This Day in Jewish History / Jews Banned From Beyond the Pale

In 1791, Catherine the Great signed an order confining Russian Jews to the borders of the Pale of Settlement.

On December 23, 1791, Empress Catherine II (Catherine the Great) signed the order restricting Jews of the Russian empire to living in what was called the Pale of Settlement. Although the borders of the Pale (the word comes from Old English, and refers to a “pole” or “stake” used to define an enclosed area) changed with time, as did the specific regulations that limited the movements of Jews, the restricted area remained in existence until April 1917 when the provisional government of Russia abolished it.

Until 1772, the number of Jews living under Russian rule had been relatively small. In that year, the first of three “partitions” that dismantled the Polish-Lithuanian Commonwealth and divided it between Russia and Prussia (the other two were in 1793 and 1795) brought vast numbers of Jews into the empire. Catherine was under pressure from members of the merchant class to protect them from competition from the Jews.She placated them by restricting Jews to residing in the regions to the west of Russia – roughly to parts of what are today Lithuania, Belarus, Ukraine, Moldova and Crimea. There were further restrictions, including a ban on living in most of the large cities even within the Pale, and limitations on how much time Jews could spend outside the area.

Matters became even worse after the issuance of the May Laws, in 1882, which restricted the right of Jews to move their homes even within the Pale and limited their ability to acquire real estate. These laws were enacted in response to a series of anti-Jewish pogroms, which the interior minister depicted as a response by Christians to “Jewish exploitation.”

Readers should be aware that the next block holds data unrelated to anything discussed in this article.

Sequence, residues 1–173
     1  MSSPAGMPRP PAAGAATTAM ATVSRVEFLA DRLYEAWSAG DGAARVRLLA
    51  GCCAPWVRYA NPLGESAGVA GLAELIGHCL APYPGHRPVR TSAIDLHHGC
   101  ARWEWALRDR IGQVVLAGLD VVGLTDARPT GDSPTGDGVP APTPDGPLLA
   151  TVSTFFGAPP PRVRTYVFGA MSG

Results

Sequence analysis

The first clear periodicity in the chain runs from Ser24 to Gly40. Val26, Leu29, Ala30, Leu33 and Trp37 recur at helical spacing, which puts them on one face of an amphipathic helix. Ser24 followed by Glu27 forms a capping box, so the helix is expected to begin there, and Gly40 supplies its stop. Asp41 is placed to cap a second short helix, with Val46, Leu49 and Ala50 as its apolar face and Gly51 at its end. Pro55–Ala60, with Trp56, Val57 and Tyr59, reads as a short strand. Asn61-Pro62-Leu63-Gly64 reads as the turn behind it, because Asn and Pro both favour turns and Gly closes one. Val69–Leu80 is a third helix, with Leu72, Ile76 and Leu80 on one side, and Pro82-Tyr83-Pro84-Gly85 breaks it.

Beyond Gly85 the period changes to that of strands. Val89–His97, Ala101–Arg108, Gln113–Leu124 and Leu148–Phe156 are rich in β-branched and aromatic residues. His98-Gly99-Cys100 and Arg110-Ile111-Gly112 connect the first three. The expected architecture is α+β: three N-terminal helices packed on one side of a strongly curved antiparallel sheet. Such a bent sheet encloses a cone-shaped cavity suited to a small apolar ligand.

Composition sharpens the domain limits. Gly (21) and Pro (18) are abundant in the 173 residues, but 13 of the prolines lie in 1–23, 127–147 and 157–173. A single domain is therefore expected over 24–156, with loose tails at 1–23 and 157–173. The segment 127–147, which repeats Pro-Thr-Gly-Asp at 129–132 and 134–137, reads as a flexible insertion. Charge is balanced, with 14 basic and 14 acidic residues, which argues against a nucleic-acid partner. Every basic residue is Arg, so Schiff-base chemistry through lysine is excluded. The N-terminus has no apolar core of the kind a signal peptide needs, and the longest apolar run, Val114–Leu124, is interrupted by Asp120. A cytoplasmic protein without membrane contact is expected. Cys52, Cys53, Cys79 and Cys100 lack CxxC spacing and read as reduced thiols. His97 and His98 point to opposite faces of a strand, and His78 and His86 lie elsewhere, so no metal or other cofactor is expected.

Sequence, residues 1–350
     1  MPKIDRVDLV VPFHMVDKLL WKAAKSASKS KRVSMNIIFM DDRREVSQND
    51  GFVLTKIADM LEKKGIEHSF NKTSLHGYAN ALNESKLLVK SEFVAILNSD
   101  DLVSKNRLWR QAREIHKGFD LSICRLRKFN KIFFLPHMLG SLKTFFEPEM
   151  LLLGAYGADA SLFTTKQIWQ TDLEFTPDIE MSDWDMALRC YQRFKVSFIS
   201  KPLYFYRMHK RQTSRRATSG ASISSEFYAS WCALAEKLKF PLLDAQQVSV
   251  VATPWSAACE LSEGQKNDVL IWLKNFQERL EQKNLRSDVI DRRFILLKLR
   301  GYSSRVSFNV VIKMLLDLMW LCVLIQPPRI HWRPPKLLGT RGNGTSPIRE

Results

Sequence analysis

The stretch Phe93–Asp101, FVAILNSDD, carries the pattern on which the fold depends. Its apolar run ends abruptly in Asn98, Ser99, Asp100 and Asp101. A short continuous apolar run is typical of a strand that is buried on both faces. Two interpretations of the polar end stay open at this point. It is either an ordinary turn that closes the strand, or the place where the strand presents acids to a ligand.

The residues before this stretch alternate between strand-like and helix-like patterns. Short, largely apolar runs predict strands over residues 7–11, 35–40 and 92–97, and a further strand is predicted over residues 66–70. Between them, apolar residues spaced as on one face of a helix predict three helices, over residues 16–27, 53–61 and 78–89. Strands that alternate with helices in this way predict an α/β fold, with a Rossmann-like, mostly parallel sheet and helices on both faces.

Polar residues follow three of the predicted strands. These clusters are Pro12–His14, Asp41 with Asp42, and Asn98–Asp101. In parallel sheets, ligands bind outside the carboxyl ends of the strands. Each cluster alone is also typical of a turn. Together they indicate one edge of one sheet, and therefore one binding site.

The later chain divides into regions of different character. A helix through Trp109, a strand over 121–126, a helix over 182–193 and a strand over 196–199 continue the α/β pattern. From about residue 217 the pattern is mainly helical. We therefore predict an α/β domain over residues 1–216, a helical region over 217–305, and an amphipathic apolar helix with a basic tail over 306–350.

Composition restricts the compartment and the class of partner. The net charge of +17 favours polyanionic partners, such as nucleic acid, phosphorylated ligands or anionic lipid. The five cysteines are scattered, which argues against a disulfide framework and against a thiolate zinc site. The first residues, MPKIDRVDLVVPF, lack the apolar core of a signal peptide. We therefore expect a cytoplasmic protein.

Economically, Jewish life in the Pale was difficult, but this was in part due to the huge growth in the Jewish population of Russia, which, aided by the improvement in medical care, expanded by 500 percent during the 19th century. Initially, most Jews lived in shtetls (small towns), but restrictions on residence in agricultural communities and even towns with populations under 10,000 pushed them into larger urban areas. There were also restrictions on the trades and professions they could enter.

After 1827, Jews were subject to conscription in the czar’s army, and in the latter part of the 1800s, they encountered quotas on their acceptance to institutions of higher learning. At the same time, to confront the hardships they faced, they developed many of the self-help institutions that characterize life today in ultra-Orthodox communities, namely a wide variety of organizations that provided food, clothing, education and medical care to those who couldn’t provide for themselves. It is estimated that one-third of the Jews living in the Pale depended on such welfare assistance by the end of the 19th century.

By World War I, many of the restrictions had begun to break down as Jews fled from the German army into the Russian interior. The Pale was officially canceled by the provisional government that ruled Russia between the abdication of the czar and the takeover by the Bolsheviks in October 1917.

Sharon Bukov